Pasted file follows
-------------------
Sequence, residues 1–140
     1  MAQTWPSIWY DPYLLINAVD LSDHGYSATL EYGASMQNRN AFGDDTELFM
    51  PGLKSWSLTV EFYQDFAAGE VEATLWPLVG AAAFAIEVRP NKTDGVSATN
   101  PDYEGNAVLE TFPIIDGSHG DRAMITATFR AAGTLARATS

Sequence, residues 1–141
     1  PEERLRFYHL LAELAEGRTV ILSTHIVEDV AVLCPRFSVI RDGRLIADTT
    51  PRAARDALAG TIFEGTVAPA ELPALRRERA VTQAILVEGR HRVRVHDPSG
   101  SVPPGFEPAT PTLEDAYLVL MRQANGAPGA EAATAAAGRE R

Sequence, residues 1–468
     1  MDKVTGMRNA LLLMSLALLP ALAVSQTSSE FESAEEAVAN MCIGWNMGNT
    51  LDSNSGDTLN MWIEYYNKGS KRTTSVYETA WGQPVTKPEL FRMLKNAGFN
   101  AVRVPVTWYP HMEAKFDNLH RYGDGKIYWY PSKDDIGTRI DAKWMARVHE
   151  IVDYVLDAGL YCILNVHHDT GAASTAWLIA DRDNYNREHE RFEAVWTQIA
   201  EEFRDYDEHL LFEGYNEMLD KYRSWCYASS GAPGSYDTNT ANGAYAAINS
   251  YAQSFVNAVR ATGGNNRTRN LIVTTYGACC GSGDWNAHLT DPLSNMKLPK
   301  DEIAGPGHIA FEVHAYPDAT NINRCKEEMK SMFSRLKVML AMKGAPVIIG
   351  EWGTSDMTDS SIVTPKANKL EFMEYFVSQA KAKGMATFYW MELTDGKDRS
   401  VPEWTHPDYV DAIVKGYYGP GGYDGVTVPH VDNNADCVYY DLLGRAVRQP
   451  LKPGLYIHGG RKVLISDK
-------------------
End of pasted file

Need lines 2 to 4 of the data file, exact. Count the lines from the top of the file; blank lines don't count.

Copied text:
     1  MAQTWPSIWY DPYLLINAVD LSDHGYSATL EYGASMQNRN AFGDDTELFM
    51  PGLKSWSLTV EFYQDFAAGE VEATLWPLVG AAAFAIEVRP NKTDGVSATN
   101  PDYEGNAVLE TFPIIDGSHG DRAMITATFR AAGTLARATS